Ealdor Bealu Sign to Metal Assault Records; Spirit of the Lonely Places CD out in Sept.

Posted in Whathaveyou on July 28th, 2021 by JJ Koczan

Some two years after its original issue in July 2019, Ealdor Bealu‘s  Spirit of the Lonely Places (review here) will see release through Metal Assault Records in time for the band to bring the CDs on their newly announced West Coast tour this Fall. The reissue/first-to-my-knowledge-CD-pressing will be the beginning of an ongoing collaboration between the band and the label, and sees the Boise four-piece become labelmates to the likes of Solar HazeCircle of SighsOld Blood, and a varied slew of others. It is a suitable home for a group who just about every time I hear them I think of a different genre tag, most of them rounding out to “a band I think is good.”

The signing announcement and tour dates follow here. They look pleased about all of it, which is understandable:

ealdor bealu metal assault records

Ealdor Bealu Sign to Metal Assault Records

Ealdor Bealu are thrilled to announce the signing of a multi-album deal with Metal Assault Records from Los Angeles, CA!! We are honored to be joining the massively diverse, dynamic MA roster including Old Blood, Through the Occulus, Solar Haze, Beekeeper, and many more. Our first order of business together will be a limited run of 4-panel DigiPak CDs of our sophomore album Spirit of the Lonely Places, available this September. We are also very pleased to announce our Fall West Coast Tour today!! We are returning to a lot of our favorite cities on the coast as well as new stops in Sacramento, Los Osos, and Olympia. SEE YOU ON THE ROAD

Ealdor Bealu is a progressive stoner rock quartet from the high desert of Boise, ID. With a focus on shifting dynamics from the ambient to the massive and back again, their sound expands beyond the boundaries of genre to create a mosaic of sonic praise.

The band’s first full-length offering DARK WATER AT THE FOOT OF THE MOUNTAIN (Independent 2017) drew local, regional, and even international praise as a standout debut offering. With the release of Ealdor Bealu’s sophomore full-length album SPIRIT OF THE LONELY PLACES on July 20th 2019 on vinyl/digital the band has seen new levels of success around the globe.

TOUR
9.30 THURS Sacramento, CA Cafe Colonial
10.1 FRI Santa Cruz, CA The Blue Lagoon
10.2 SAT Los, Angeles, CA Old Towne Pub
10.3 SUN San Diego, CA Til Two Club
10.4 MON Los Osos, CA Sweet Spring’s Saloon
10.5 TUES Oakland, CA Elbo Room Jack London
10.6 WED Chico, CA The Maltese Bar
10.7 THURS Portland, OR High Water Mark
10.8 FRI Olympia, WA Cryptatropa Bar
10.9 SAT Seattle, WA Victory Lounge

Ealdor Bealu is:
Carson Russell: Guitar, Vocals
Rylie Collingwood: Bass, Vocals
Travis Abbott: Guitar, Vocals
Alex Wargo: Drums

https://www.facebook.com/ealdorbealu/
https://www.instagram.com/ealdorbealu/
https://ealdorbealu.bandcamp.com/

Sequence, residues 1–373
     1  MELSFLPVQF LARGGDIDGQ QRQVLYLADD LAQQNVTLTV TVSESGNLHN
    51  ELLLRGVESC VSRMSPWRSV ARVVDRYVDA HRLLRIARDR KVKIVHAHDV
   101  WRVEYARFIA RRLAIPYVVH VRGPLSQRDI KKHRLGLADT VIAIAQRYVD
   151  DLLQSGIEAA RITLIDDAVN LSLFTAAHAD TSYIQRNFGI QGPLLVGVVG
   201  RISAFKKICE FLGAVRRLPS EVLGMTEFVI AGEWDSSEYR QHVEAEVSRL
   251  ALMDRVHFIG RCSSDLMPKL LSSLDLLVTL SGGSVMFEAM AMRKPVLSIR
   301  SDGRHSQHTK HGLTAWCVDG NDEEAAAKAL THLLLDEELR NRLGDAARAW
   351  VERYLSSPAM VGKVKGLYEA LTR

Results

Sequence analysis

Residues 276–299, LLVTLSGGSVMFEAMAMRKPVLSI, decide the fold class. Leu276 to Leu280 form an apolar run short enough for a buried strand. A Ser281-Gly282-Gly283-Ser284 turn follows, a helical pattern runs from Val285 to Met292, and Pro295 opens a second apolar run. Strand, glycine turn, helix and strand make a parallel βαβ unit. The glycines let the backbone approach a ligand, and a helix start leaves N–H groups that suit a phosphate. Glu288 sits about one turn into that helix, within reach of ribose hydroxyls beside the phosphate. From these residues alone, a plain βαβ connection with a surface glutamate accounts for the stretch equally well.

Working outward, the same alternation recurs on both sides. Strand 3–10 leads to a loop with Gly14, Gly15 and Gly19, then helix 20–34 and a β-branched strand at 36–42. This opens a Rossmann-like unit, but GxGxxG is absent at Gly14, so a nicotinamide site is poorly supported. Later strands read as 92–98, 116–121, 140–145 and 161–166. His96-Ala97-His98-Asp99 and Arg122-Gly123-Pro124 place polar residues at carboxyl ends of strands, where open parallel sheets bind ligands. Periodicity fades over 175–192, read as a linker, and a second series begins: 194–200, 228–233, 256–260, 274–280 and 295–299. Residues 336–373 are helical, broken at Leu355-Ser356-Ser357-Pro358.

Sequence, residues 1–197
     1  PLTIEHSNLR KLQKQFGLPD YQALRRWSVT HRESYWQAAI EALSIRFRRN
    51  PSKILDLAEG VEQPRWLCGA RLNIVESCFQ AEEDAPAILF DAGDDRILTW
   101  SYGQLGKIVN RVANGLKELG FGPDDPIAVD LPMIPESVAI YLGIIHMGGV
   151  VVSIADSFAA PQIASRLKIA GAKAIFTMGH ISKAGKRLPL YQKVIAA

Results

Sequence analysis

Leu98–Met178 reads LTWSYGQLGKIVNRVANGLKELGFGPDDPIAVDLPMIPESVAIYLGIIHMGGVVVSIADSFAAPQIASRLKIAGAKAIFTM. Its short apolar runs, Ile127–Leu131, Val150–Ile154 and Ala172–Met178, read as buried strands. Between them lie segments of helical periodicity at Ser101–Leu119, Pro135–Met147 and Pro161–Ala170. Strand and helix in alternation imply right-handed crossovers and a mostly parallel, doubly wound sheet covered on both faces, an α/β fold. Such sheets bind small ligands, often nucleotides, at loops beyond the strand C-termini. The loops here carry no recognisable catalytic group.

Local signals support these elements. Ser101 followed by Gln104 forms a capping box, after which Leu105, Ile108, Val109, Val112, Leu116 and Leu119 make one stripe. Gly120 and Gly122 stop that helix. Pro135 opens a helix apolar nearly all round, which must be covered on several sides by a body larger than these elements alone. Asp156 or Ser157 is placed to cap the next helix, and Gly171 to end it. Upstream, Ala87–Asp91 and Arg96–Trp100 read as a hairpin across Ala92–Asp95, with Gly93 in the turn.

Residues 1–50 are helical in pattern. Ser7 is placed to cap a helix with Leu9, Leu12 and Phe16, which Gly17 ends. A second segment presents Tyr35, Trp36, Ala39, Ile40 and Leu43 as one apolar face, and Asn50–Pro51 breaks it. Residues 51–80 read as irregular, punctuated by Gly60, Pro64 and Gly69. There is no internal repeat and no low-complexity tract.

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https://metalassault.bandcamp.com/

Ealdor Bealu, Spirit of the Lonely Places (2019)

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Solar Haze Premiere “The Solar Age” Video

Posted in Bootleg Theater on June 18th, 2021 by JJ Koczan

solar haze

Los Angeles-based trio Solar Haze release their new EP, The Solar Age, on July 16 through Metal Assault Records. I’ll be blunt: it’s a good time. They’re too far south to be a part of the whole Pacific Northwest party-rock thing in Portland, but they’re definitely all the way up for throwing down. Not as psyched out or malevolent as Mountain Tamer — whose sticker makes a cameo on a shovelhead in the video premiering below — but with a tonal crunch in the guitars of Stephen Falla and Ross Cowan that lets you understand where the two outfits would be friends. The Solar Age runs three tracks and 17 minutes and nine of those are dedicated to “Terror of the Deep,” which closes out. Side A, if you’re thinking of it as a 10″, brings the title-track and “Fortress Will Fall.” Both are a blast.

The title-track opens and arrives with immediately respectable chicanery. There’s fuzz being kicked around, but it’s also kind of hard to ignore that the central riff comes across like Slayer played at about 80 percent speed — if you have a moment, please let me tell solar haze the solar ageyou sometime about my concept cover band, Slowyer — which they liken to an Iron Maiden influence and I’m not inclined to argue. It’s a current of metal one way or the other, but the chug in the chorus brings to mind early aughts Small Stone Records-style drunken fuckall, and the energy that runs throughout is infectious. The song itself is about five minutes long, pushed forward with due force thanks to Ryan Michael Falla‘s drumming, and shifts into a more winding section to set up its guitar solo in the second half, but is never too far from the hook. That’s a fitting setup for “Fortress Will Fall,” which is even more straightforward, punkish in spirit and insistence. Again, they’re having fun so you’re having fun. And if you’re like me and you’re the kind of person who says things like, “Not really a big fan of fun,” give it a shot anyway. It’s important to try new things.